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Starch

Starch is the major energy storage molecule in plants.

It is formed of two polysaccharides, both made of $$\alpha$$-glucose:

  • Amylose only contains 1-4 glycosidic bonds. It has an unbranched structure.
  • Amylopectin has a branched structure. The $$\alpha$$-glucose monomers are linked by 1-4 and 1-6 glycosidic bonds.

Amylose and amylopectin combine to give starch a spiral structure with some branching. This structure is relevant to its energy storage role:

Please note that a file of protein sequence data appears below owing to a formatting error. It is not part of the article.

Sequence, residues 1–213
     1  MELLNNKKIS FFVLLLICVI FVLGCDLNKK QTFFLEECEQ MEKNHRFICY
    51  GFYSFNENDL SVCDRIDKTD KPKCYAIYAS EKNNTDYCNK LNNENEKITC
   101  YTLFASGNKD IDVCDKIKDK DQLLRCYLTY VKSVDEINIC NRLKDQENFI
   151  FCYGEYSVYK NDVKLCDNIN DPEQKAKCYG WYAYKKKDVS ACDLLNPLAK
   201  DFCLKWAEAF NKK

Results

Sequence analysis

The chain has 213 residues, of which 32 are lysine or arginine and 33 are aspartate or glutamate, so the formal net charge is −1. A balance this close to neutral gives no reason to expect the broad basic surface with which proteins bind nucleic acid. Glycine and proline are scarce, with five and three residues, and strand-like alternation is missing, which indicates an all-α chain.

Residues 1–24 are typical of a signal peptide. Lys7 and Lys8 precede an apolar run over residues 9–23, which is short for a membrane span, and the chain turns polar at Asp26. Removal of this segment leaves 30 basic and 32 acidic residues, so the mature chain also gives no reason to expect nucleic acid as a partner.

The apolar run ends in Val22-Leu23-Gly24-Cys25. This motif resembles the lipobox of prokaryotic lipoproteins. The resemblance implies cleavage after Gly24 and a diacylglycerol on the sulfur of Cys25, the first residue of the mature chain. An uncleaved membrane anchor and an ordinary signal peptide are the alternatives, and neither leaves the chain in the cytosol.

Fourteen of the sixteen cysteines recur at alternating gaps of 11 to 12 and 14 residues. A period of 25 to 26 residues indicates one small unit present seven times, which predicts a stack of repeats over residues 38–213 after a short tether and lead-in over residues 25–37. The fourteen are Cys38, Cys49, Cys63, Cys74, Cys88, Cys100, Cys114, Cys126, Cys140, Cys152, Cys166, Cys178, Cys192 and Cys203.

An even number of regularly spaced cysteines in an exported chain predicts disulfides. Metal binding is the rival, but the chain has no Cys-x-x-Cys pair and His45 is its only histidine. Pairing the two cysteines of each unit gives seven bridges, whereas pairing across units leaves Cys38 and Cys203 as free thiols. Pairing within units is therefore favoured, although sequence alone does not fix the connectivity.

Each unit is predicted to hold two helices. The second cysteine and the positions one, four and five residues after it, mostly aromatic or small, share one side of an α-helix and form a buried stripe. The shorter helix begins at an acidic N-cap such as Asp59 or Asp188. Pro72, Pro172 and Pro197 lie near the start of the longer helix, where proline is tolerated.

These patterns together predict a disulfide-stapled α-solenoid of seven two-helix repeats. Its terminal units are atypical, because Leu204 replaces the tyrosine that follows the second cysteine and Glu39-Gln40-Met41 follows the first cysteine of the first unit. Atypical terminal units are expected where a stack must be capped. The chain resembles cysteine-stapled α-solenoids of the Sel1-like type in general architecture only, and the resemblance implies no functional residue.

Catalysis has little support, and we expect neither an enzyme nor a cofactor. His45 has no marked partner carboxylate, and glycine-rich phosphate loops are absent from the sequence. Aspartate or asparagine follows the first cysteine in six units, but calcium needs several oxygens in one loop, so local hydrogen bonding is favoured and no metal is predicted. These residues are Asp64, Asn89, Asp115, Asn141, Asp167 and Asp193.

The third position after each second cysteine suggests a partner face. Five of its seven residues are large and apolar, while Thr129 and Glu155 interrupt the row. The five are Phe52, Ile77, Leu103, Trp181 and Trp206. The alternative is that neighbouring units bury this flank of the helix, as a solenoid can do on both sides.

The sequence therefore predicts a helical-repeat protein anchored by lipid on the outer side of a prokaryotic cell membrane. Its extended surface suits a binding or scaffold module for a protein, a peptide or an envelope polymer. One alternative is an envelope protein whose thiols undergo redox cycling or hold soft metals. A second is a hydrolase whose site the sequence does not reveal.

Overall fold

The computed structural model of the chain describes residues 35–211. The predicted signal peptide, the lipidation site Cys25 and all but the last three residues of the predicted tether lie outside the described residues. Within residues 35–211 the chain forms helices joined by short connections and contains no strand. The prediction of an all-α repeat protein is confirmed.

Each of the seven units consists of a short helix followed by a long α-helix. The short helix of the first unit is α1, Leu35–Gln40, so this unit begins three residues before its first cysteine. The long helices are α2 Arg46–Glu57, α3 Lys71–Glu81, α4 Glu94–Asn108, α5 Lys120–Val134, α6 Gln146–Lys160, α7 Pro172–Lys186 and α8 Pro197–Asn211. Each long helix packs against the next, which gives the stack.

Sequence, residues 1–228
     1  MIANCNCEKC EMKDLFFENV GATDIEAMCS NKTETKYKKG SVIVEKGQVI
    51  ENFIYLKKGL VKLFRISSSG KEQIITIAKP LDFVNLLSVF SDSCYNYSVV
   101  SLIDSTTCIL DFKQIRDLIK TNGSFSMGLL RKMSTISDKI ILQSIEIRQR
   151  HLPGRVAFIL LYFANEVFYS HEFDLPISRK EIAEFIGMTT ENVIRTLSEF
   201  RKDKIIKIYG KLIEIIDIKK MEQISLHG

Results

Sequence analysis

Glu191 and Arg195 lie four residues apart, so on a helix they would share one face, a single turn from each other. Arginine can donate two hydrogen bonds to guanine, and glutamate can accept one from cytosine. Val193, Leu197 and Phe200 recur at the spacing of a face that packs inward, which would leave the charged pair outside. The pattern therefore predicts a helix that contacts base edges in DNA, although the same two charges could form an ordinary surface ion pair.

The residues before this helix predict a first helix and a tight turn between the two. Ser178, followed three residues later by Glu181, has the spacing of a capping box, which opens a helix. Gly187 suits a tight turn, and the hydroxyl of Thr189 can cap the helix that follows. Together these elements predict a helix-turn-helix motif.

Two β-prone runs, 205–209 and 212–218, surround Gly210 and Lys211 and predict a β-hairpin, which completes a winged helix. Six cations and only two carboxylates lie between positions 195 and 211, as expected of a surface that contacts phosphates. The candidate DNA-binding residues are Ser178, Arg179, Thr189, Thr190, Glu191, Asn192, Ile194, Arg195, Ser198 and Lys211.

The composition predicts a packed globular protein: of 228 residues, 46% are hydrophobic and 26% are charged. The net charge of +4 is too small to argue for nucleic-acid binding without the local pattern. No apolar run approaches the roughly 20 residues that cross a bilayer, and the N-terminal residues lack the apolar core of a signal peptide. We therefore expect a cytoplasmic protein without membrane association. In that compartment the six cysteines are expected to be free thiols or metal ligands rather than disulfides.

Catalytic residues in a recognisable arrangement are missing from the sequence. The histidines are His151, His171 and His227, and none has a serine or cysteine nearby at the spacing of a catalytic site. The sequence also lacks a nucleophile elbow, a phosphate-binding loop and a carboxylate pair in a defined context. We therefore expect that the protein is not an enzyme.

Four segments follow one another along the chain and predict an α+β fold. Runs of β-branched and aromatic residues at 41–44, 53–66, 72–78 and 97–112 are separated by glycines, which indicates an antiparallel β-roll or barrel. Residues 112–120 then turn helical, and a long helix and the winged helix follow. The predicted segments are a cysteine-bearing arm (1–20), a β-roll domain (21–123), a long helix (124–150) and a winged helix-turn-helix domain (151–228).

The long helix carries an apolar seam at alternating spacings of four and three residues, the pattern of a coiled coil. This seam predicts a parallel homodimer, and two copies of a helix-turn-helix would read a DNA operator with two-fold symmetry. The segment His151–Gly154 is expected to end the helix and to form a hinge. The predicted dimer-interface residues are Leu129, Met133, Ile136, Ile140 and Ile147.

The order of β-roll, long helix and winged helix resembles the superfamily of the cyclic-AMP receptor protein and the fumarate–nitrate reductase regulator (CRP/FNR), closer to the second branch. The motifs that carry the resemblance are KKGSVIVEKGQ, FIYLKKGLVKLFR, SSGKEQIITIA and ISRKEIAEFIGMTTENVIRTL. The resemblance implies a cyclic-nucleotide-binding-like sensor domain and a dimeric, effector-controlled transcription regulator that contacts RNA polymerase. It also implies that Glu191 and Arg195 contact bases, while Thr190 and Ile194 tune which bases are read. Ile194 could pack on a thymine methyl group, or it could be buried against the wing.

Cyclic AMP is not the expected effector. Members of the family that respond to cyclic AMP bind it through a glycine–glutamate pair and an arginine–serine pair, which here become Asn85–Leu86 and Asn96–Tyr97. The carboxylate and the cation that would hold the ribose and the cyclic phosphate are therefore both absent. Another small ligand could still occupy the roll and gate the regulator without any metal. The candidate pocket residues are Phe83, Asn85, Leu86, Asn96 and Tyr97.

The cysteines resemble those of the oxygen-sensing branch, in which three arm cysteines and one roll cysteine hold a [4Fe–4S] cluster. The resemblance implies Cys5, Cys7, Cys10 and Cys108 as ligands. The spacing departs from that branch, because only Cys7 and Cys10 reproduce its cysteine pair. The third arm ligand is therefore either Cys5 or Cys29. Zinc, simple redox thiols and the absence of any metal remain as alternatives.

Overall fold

• Starch is dense and insoluble. This reduces the space needed for storing starch.
  • The spiral structure with branching makes starch readily accessible to enzymes. This means the starch can be broken down rapidly when energy is needed in the cell.
Amylopectin is branched due to the 1-6 glycosidic bonds. Amylose is unbranched and has only 1-4 glycosidic bonds.
Amylopectin is branched due to the 1-6 glycosidic bonds. Amylose is unbranched and has only 1-4 glycosidic bonds.

Plant cells contain organelles called amyloplasts which convert glucose into starch for storage.